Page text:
Faith on Friday: Flannery O’Connor and the Mother of God

This past December I did a post about Flannery O’Connor that included this quote from A Prayer Journal (published after she died):

I want so to love God all the way. At the same time I want all the things that seem opposed to it—I want to be a fine writer. Any success will tend to swell my head—unconsciously even. If I ever do get to be a fine writer, it will not be because I am a fine writer but because God has given me credit for a few of the things He kindly wrote for me.

cat-sees-her-lion-reflection1Writers—and maybe musicians and artists and even people in other walks of life—must have a measure of self-confidence in order to attempt a book, or even an essay or a short story or a poem. It takes courage to put your creative efforts out there for all the world to judge. It would be so much easier to work in a field where your daily assignments are black and white. Balance these books. Add these numbers. Repair this engine. But… make up a story from scratch? Or brazenly tell a true one?

O’Connor acknowledges God’s part in her creative work, and yet she surely must have had some degree of “self” confidence to keep on keeping on, in the face of numerous rejections and other discouraging aspects of the writing life. So how does a Christian balance this self-confidence with faith?

Mother Melania, an Orthodox nun who lives in the community of Holy Assumption Monastery in California, says this:

Self-confidence is a much valued trait in our culture…. What is a Christian to make of this? After all, we would be very hard pressed to find any saints in the Church who ever bemoaned their own lack of self-confidence or tried to increase it in their spiritual children. That’s not to say that the saints were not confident people.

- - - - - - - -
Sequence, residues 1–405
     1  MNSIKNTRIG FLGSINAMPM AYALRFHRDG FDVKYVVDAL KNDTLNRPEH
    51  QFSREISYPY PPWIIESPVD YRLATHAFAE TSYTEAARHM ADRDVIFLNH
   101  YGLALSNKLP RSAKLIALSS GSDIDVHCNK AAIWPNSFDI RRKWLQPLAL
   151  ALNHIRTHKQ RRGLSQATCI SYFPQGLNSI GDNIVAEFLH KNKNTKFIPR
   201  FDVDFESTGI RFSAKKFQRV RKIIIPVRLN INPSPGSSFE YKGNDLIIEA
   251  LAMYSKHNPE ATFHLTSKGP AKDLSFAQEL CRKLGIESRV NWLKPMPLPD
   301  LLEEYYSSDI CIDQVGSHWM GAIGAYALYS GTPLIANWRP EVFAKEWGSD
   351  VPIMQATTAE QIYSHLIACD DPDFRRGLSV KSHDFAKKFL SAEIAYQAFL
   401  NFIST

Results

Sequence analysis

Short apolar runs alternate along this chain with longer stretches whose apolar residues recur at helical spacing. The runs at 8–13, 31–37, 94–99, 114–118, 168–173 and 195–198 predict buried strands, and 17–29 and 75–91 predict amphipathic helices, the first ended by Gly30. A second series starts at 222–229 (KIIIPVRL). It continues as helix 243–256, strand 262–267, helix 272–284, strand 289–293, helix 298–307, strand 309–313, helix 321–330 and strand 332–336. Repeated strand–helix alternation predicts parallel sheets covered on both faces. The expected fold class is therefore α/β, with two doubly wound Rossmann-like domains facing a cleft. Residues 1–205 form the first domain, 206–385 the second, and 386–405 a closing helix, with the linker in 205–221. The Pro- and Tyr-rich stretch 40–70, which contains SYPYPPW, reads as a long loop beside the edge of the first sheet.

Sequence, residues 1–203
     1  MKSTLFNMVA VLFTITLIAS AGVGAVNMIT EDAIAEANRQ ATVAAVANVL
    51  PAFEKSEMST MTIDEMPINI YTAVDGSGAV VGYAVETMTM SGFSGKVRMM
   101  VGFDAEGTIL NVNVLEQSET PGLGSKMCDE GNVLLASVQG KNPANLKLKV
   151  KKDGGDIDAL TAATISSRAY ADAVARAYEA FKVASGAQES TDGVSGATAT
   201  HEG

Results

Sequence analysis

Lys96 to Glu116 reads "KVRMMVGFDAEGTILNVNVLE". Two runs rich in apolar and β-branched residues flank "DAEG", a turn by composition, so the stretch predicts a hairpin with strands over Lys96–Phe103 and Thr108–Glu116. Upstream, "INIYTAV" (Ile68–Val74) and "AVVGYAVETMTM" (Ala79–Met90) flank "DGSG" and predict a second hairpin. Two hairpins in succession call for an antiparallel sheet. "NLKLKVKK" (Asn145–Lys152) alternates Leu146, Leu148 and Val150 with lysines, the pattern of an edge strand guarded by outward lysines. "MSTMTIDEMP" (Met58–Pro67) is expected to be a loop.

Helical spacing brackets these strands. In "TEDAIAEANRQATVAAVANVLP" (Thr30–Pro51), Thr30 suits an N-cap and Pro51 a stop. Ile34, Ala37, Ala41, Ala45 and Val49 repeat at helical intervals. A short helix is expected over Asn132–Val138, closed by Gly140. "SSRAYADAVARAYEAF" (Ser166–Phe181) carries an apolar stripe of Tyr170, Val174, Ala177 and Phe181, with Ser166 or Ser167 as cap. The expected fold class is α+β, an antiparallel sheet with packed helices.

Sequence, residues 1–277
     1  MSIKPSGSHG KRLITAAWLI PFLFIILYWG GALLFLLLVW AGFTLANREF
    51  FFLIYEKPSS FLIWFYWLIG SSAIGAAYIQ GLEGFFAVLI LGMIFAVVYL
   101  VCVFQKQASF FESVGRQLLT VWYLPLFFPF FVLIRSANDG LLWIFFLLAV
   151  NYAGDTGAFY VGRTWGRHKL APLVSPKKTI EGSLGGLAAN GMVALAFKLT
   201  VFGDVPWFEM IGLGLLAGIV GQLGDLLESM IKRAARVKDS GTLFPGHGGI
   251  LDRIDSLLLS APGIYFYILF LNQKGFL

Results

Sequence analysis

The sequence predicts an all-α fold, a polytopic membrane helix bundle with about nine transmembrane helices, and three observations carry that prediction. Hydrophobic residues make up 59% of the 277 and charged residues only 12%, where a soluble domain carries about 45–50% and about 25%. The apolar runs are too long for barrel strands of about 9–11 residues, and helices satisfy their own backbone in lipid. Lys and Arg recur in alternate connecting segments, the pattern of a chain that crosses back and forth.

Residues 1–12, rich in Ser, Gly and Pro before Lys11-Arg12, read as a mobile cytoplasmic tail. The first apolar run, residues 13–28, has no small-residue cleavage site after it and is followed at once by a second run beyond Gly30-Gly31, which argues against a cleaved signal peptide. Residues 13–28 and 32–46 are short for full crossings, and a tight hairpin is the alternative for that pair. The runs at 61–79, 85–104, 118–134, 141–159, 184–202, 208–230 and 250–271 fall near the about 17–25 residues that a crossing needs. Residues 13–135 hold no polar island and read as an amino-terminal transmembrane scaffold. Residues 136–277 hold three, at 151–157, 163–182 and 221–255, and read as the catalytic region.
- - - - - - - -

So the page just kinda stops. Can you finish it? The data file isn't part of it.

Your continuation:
And then she goes on to give examples of saints whose courage and faith inspired generations. And then she says:

The different between their confidence and our self-confidence has to do with at least two things—the purpose of this confidence and the person in whom it is placed. The saints had confidence in the goodness and power of God…. We, on the other hand, have a multitude of purposes for our self-confidence—an easier life, more money, increased status… even to do good for our fellows. But if the purpose is not to love God and neighbor, what possible sense does it make to place that confidence in myself?

0793a0fae18b6d8b626bd5f3fb5ddecbToday is the feast day of the Annunciation in the Orthodox Church. We commemorate the event described in Holy Scriptures when the Archangel Gabriel told Mary that she would become the Mother of God. I can’t even imagine the confidence it took for this humble young girl to respond with “be it unto me according to thy word” (Luke 1:28). She was facing public humiliation and scorn and disbelief on the part of many. Her life was about to change in ways she could barely imagine. Any plans she had for her future were immediately set aside. Was it “only faith” that allowed her to respond so obediently? I think she also had a measure of confidence—in self and in God. Again, from Mother Melania:

The root word in ‘confidence’ is fides…. ‘faith, trust, confidence; belief, credence; loyalty; honestly; allegiance; promise; security; protection.’… to place our confidence/fides lovingly and humbly in the Lord of the Universe Who willingly died that we might share in His life is an unspeakable privilege, a great adventure, and unimaginable joy. Grant this, O Lord!

I love this video, “Be Done Unto Me.” May it inspire you on this Feast of Annunciation!

4 thoughts on “Faith on Friday: Flannery O’Connor and the Mother of God”

  1. The Annunciation icons are some of my favorite! And I do think confidence that you are at least trying to do what the Holy Spirit is suggesting gives great courage where it might not otherwise exist. Thanks for this post, and hope you enjoy the day.

  2. You are able to write about religion in a fresh and immediate way, Susan. My views are so different and yet I enjoy your approach, from your painting to your writing, to your inclusive and loving world view. Enjoy your day and thank you.

    1. Your reflection here means so much to me, Nina. More than you know. I’m a spiritual struggler, and writing helps me sort things out. Thanks always for reading and commenting!

Comments are closed.